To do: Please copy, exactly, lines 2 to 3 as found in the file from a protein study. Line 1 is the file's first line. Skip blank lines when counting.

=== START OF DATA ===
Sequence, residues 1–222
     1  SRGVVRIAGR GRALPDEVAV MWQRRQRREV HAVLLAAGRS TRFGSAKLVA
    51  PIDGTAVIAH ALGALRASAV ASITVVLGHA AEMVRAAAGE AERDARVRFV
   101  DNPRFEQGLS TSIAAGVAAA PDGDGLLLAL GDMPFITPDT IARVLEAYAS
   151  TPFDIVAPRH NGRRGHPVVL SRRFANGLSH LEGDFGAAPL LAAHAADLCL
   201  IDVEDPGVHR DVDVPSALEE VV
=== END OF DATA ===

     1  SRGVVRIAGR GRALPDEVAV MWQRRQRREV HAVLLAAGRS TRFGSAKLVA
    51  PIDGTAVIAH ALGALRASAV ASITVVLGHA AEMVRAAAGE AERDARVRFV